- Joe Biden’s presidential campaign was struggling amid debate gaffes, poor performances in early-voting states, and a crowded field.
- But Biden received a series of high-profile endorsements on Monday — including from former rivals — just in time for Super Tuesday.
- The endorsements are likely to boost his campaign and put new pressure on his competitors, as Sen. Bernie Sanders goes into the most important day of the primary retaining frontrunner status.
- A late change in momentum may alter the mood on Super Tuesday, but it’s not clear how much it will help at the polls.
- Many voters will have made up their minds already — some literally in the form of postal votes — and only the results will tell.
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Until Joe Biden finally managed to win his first-ever primary contest in his three presidential runs, his 2020 campaign was floundering.
He entered the race with frontrunner status and high expectations — but soon started to suffer.
Setbacks included debates littered with unforced errors and dismal finishes in the Iowa and New Hampshire votes.
Bob Shrum, a former adviser to Al Gore and John Kerry’s presidential campaigns, was not alone when he said Biden needed “a political miracle” to stay in the race.
But now — on the morning of Super Tuesday — the feeling around Biden’s campaign appears to have dramatically reversed, boosted by a quick succession of high-profile endorsements.
Here’s where Biden started, and what has changed just on the most important day of the Democratic primary.
Biden’s campaign largely ranged from OK to abysmal
Biden entered the race as a household name, known for his close ties with former President Barack Obama. It established him in the minds of many race-watchers as one of the ones, if not the one, to beat.
But his apparent electability sagged the longer the campaign continued.
Rival candidates honed in on his record on race issues, and he made a series of bizarre comments including that he would “punch” domestic violence and that he had the support of the “only” African-American woman in the US Senate, despite Senator Kamala Harris, an African-American, being on stage with and running against him at the time.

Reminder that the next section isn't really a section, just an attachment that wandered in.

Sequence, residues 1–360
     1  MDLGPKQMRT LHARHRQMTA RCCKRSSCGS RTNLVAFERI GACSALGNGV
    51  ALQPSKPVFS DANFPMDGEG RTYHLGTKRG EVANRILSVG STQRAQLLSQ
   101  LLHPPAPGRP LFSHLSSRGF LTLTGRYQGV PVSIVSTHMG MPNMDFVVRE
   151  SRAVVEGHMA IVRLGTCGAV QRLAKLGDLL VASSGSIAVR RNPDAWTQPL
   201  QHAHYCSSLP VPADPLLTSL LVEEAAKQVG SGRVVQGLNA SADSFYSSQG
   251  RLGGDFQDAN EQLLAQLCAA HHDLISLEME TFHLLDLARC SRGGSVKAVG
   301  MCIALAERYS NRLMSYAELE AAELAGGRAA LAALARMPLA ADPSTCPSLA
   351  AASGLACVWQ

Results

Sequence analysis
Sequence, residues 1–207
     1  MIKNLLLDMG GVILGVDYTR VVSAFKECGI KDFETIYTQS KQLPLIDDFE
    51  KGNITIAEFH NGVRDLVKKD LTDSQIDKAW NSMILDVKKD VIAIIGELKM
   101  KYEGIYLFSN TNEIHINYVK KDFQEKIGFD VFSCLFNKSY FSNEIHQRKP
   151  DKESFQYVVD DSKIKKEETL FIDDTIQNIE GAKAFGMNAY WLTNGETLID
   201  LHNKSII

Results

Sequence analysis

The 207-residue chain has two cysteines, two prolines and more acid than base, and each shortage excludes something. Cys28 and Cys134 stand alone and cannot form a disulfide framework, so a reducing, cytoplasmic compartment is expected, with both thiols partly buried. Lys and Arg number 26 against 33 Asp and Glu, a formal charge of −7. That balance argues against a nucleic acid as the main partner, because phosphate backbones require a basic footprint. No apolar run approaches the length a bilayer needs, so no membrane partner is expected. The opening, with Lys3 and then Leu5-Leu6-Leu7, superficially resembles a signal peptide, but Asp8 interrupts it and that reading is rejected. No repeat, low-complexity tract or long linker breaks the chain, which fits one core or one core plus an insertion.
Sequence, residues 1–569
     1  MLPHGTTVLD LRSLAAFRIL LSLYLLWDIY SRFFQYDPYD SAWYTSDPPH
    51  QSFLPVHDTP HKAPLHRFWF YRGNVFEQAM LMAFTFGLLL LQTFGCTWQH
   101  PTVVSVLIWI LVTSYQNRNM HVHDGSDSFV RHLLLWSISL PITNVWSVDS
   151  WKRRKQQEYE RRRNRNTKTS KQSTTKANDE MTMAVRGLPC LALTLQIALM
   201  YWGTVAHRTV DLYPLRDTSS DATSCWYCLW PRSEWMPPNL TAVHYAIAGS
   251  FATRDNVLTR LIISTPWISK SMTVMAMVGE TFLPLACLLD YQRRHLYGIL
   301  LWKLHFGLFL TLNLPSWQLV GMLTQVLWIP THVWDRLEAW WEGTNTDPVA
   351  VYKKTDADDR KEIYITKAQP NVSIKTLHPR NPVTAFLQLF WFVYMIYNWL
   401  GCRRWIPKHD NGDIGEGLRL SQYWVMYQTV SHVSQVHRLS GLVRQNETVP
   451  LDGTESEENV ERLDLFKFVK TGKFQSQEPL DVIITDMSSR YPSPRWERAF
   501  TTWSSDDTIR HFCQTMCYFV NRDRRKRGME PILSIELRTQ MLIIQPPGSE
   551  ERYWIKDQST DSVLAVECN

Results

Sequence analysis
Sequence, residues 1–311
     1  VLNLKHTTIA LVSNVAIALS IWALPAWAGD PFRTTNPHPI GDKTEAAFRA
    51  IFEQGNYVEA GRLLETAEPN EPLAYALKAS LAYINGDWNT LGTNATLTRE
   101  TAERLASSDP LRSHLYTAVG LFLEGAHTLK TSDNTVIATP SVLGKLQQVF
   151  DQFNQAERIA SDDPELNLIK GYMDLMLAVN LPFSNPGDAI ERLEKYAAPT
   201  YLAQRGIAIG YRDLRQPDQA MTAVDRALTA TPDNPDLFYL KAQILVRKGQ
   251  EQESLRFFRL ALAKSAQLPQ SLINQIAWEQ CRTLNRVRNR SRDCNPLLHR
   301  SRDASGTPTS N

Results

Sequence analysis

His performance in the first primary contests were also embarrassing for his campaign: He finished fourth in Iowa, fifth in New Hampshire, and second in Nevada.
Other problems facing Biden’s campaign included:
As time went on, one of his competitors, Senator Bernie Sanders, managed to cement his status as the frontrunner which at one time had appeared Biden’s by right.
But — as Super Tuesday dawned — his fortunes changed.
Biden won a string of high-profile endorsements in quick succession
Some of Biden’s former rivals threw their support behind him following his South Carolina victory.
These included former Mayor Pete Buttigieg, and Senator Amy Klobuchar, who dropped out on Sunday and Monday respectively.
Former Texas Rep. Beto O’Rourke, who dropped out of the race in November, also endorsed Biden on Monday night.
On Monday he was also endorsed by former Nevada Senator Harry Reid, once the most powerful Democrat in the Senate, and former Obama National Security Adviser Susan Rice.
Biden had also received a crucial endorsement from House Majority Rep. Whip Jim Clyburn, the most senior African-American lawmaker in the House of Representatives and South Carolina’s most influential Democratic figure, before the South Carolina debate.
It not surprising that many these figures, seen as moderates, would support another moderate.
But they turn up the heat on Biden’s remaining rivals, particularly Sen. Elizabeth Warren, and put increased pressure on Sanders by consolidating the moderate vote.
Sanders, meanwhile, has also racked up endorsements from progressive Democrats and public figures and maintains frontrunner status with a slight majority in pledged delegates.
On Monday night, he called for his former rivals’ supporters to join his campaign: “To all of Amy and Pete’s millions of supporters, the door is open. Come on in.”
A note of caution
Though the endorsements, drop-outs, and general feel-good vibe around Biden may change the mood of some voters as they head to the polls, it is entirely possible that the shift comes too late to make a difference.
Many of the states — especially California, with the most delegates — get a large proportion of votes via post, meaning it is too late for people to change their mind on polling day.
Also, old impressions die hard, and an endorsement by a candidate doesn’t mean all their supporters will follow, or that any pre-existing impressions of a candidate will get wiped out.
It is possible that Buttigieg, Klobuchar, and O’Rourke supporters will also listen to Sanders, rather than following their former presidential picks.
As ever, it won’t be until Tuesday evening when results start to come in that we will know whether Biden’s last-minute boost mattered where it counts.